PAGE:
When you walk by, this dog topper flaps his ears and barks!
We had to "borrow" a neighbor's dog, Juston, and work a while to get some "tree topper worthy" barks.
Step 1: Parts Needed
The parts list includes:
Adafruit Sound Board
Adafruit PIR sensor
8 ohm speaker
6 volt, 2 amp dc power supply
(2) mini servo motors
(2) servo extender cables (24 inches long)
3d printed components
The head was formed in polymer clay (by my wife, Annelle), then scanned, modified and 3d printed.
First, thread the wires up through the hole in the neck. The mini servo motor holders (with servo motors mounted) are put in place by melting (using a soldering iron) to the head.
An extender is attached to the servo horn.
Bearing brackets are melted onto the dog head. 2-56 x 1 1/4" screws are used as the axle rod.
Bearing pieces are melted onto the ears.
Before painting, an assembled ear looks like this.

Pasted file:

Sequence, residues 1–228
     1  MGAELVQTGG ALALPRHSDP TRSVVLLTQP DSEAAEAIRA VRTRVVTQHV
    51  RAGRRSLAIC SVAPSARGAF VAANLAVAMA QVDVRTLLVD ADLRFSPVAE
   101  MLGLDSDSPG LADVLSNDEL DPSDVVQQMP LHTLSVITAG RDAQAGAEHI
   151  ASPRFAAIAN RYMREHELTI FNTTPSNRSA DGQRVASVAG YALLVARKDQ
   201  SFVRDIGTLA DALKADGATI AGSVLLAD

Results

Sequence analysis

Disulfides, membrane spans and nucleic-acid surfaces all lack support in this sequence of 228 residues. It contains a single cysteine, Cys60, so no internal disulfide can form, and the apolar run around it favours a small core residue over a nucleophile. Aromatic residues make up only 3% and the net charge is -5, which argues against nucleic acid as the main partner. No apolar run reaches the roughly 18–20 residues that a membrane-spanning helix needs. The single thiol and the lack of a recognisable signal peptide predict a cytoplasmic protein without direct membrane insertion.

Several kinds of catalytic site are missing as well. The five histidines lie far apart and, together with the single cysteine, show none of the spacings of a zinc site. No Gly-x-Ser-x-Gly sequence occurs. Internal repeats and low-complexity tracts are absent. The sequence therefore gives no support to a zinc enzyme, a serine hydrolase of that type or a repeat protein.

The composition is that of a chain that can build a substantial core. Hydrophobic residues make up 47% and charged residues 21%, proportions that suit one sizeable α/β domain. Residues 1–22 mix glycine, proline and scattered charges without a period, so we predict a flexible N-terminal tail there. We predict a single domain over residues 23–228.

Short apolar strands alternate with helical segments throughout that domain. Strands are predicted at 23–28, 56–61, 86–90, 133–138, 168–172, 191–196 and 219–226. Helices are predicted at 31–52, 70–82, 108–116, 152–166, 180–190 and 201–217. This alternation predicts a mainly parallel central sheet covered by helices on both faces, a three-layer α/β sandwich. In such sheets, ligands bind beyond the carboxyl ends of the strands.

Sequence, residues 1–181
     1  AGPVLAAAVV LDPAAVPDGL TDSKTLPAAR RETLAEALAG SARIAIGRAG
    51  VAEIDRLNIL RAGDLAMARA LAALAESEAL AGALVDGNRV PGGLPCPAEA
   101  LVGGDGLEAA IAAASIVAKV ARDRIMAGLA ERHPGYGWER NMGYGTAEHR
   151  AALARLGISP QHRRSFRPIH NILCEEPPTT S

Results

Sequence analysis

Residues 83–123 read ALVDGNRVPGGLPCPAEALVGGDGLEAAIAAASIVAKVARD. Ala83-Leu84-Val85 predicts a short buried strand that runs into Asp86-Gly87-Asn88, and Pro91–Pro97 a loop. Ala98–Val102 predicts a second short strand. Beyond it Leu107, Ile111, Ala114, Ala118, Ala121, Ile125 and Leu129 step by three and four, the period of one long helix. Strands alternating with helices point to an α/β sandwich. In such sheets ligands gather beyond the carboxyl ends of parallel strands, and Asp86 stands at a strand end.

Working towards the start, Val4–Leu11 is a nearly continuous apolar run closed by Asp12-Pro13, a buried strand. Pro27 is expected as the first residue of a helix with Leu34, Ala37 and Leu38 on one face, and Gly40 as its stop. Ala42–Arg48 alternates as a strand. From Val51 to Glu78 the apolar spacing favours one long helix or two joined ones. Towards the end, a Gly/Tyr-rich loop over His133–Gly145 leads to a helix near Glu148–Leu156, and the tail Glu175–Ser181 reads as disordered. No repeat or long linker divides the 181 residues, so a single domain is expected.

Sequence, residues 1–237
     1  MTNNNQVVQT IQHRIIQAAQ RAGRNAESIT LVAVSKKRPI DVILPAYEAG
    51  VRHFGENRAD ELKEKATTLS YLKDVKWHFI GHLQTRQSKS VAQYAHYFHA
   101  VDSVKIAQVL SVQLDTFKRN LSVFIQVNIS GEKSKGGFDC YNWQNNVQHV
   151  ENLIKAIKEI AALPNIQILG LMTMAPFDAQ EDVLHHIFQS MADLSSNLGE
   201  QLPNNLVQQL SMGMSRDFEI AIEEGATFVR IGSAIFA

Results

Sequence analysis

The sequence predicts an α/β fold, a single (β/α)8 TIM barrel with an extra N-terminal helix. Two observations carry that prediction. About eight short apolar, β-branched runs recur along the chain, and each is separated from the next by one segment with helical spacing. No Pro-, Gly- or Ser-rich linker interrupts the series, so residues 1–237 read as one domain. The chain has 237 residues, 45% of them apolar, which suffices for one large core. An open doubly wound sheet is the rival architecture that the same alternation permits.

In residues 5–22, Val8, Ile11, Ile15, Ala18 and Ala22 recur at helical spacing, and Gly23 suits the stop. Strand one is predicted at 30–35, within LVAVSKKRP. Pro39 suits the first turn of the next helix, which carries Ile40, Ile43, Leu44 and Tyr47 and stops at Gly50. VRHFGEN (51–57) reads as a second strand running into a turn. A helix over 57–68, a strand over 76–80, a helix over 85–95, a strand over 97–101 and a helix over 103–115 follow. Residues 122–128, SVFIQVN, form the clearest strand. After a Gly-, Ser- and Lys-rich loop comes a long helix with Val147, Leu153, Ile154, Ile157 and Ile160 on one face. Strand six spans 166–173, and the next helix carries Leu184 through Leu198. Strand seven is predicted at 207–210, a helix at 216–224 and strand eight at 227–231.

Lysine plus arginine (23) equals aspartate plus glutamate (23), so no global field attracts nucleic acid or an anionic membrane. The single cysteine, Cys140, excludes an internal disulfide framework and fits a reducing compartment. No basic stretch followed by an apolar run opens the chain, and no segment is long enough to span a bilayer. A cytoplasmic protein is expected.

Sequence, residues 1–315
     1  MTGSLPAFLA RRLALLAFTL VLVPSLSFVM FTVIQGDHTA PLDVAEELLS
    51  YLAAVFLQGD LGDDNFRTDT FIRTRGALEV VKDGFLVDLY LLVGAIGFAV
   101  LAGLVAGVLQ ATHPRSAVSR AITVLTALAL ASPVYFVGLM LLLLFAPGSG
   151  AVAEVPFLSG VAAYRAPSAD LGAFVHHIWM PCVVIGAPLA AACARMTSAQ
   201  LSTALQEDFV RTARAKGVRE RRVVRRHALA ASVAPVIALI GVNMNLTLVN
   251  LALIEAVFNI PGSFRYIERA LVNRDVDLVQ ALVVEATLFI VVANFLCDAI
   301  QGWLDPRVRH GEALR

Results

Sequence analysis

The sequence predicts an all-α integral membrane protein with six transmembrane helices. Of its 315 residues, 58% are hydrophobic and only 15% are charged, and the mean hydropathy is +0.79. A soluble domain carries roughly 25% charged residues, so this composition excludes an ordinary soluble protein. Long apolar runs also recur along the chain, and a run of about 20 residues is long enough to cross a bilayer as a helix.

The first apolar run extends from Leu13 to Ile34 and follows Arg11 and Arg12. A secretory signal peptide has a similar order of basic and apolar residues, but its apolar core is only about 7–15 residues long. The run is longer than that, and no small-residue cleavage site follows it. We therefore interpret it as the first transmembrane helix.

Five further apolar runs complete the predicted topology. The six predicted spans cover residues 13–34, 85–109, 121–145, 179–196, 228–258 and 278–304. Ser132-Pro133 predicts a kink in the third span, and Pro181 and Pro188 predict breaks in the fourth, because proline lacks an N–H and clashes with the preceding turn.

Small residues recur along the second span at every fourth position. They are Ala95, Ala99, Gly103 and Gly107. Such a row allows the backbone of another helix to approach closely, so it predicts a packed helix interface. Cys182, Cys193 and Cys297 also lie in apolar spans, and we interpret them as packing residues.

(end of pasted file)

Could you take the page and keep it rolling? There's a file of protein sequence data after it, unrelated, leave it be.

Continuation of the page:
After a trip to the artist's paint shop, the head with unattached ears looks like this.
A box to hold the electronics is composed of a base, top and two hollow elves. The elves are attached to the box by melting (or with glue). I installed leds inside the elves, just so that I would know if power was applied to the electronics.
Before closing it up, load the sketch into the Arduino and load the .wav (bark) file into the Adafruit sound board (see the Adafruit site for detailed instructions).
Assembled, on the ground, the system is ready for installation.
The box is placed on the back side of the tree. I used green wire and metal duct tape to secure the box to the tree.
The PIR sensor (motion detector) is placed where I want to pick up passers by. The speaker is placed at the base of the tree.
For an active, different tree topper, add a little "bark" to your tree!